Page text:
Pumpkins! Pumpkins! I have been obsessed with PUMPKINS this fall. In the past, I avoided them, intimidated by their grandiose size, their knife-defying flesh. But then, a couple of things happened.
First, I ate a wonderful dessert during my rainy weekend in Provence — a pumpkin cappuccino — pumpkin purée, warm sautéed apples, and cinnamon whipped cream. It was so simple, lovely and autumnal, I had to try it myself. The recipe (below) is still a work in progress, but I liked David Lebovitz’s technique for roasting pumpkin slices, which I used to create my purée.
Then, I kept reading about Dorie Greenspan’s recipe for a whole pumpkin stuffed with bread and cheese. Everywhere I looked (e.g. Facebook, Twitter) everyone (e.g. fellow food nerds) was heralding the stuffed pumpkin with multiple-exclamation-point updates. So, I made one, using this recipe. And guess what? It was awesome. (There’s also another version that calls for bacon, herbs and other stuff, but I think I prefer it without the meat.)
After all this pumpkin consumption, I’ve learned something. In French “pumpkin” has many names, among them potiron, which refers to the giant squash sold in slices that have a sweeter flesh. Then there’s the potimarron, which is what I used for my stuffed pumpkin. It has a starchy texture, like a cross between pumpkin and chestnut (in French, marron) — hence the name, poti-marron.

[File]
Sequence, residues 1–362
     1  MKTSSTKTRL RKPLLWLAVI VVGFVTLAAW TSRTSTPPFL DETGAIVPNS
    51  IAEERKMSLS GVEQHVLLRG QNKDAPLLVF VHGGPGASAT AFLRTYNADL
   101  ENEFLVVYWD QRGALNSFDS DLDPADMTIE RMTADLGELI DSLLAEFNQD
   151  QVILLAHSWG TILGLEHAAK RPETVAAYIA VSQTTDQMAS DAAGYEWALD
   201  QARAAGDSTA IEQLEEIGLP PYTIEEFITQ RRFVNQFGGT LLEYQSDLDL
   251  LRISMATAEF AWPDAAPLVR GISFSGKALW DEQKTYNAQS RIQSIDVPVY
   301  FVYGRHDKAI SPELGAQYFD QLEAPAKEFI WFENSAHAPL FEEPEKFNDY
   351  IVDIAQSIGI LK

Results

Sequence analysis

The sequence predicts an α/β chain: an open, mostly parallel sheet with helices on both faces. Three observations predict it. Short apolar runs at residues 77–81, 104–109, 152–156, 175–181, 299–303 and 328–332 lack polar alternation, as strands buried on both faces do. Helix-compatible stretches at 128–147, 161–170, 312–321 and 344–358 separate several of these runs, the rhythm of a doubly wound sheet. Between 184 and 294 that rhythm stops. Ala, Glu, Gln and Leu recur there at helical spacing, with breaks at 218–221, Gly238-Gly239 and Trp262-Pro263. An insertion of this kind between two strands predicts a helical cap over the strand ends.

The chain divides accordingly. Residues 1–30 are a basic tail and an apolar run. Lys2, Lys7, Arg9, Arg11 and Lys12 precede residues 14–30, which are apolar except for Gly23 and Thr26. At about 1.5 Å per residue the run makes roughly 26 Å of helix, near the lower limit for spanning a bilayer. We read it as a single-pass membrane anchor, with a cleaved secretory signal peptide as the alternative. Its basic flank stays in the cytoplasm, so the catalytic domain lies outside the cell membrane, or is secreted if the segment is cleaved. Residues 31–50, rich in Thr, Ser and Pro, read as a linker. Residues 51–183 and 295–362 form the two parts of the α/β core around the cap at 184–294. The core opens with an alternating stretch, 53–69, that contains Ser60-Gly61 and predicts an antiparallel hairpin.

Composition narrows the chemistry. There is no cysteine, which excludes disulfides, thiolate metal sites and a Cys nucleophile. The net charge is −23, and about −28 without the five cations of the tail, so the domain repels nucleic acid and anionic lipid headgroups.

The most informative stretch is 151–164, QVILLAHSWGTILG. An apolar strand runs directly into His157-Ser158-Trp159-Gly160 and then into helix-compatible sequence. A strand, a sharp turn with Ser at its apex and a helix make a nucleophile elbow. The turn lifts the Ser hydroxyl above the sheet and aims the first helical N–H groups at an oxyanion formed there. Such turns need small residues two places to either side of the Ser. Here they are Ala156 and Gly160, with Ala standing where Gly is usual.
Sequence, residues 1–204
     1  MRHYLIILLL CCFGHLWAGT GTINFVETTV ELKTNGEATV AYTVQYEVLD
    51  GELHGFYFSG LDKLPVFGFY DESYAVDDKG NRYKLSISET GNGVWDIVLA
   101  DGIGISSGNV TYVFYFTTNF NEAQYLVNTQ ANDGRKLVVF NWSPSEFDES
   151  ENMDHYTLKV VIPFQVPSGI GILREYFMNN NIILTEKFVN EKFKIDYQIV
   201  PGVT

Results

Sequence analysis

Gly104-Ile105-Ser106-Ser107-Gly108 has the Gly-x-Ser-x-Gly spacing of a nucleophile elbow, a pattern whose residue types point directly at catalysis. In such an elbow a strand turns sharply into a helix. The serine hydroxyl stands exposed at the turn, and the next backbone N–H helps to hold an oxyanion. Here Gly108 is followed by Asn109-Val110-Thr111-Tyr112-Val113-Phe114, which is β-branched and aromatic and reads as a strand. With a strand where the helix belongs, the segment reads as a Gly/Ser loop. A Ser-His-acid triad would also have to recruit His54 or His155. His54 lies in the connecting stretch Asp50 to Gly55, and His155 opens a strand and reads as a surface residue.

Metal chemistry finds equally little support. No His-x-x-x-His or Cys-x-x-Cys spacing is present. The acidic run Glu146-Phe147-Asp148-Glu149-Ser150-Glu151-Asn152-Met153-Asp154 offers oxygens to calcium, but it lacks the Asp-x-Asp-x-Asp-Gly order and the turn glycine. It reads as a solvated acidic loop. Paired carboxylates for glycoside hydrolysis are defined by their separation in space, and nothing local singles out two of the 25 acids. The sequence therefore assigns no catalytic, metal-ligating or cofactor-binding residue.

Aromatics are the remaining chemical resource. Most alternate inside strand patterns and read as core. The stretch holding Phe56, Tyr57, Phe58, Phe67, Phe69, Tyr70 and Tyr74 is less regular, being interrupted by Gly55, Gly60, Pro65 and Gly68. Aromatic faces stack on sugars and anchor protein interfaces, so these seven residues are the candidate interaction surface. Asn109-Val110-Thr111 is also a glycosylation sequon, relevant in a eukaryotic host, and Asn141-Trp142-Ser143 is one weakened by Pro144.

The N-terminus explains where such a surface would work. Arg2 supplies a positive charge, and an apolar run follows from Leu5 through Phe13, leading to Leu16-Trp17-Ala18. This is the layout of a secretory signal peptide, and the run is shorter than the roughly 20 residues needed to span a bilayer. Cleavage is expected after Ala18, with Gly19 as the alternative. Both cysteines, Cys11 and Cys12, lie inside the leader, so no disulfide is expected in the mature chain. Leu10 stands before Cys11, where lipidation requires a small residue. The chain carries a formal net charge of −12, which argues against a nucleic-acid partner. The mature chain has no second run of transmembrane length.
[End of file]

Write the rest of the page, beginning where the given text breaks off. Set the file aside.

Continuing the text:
I’m still playing with this recipe. Next time, I’d choose a firmer apple variety and perhaps add a layer of crushed gingersnap cookies.
For the pumpkin purée:
1 chunk pumpkin, between 2-3 lbs.
2-3 tablespoons brown sugar (or more to taste)
I used David’s method for roasted pumpkin, smearing my parchment paper with butter and sprinkling the slices with brown sugar. After the pumpkin had cooked and cooled, I scraped the flesh from the skin and puréed it in a food mill (to remove the fibrous solids). Taste and add more sugar, if necessary. The purée should not be too sweet.
For the apples:
4 firm cooking apples, peeled, cored and cut into a dice
2 tablespoons butter
2 tablespoons brown sugar
1/4 teaspoon cinnamon
Melt the butter in a sauté pan over medium heat. Add the apples, toss to coat with butter. Add the sugar and cinnamon and toss or stir to combine. Continue cooking, tossing occasionally, until apples are hot and cooked through, but still slightly crunchy. (I used the wrong kind of apples — they started to disintegrate.)
For the cinnamon whipped cream:
1 cup whipping cream, chilled
1/2 teaspoon cinnamon
2 tablespoons powdered sugar
Combine everything in a large bowl and whip with an electric mixer until soft peaks form. Taste and add more sugar and cinnamon, if necessary.
Assembling the pumpkin cappuccino:
In a teacup or parfait glass, add a layer of pumpkin purée (at room temperature), then a layer of warm apples, then a dollop of cinnamon whipped cream.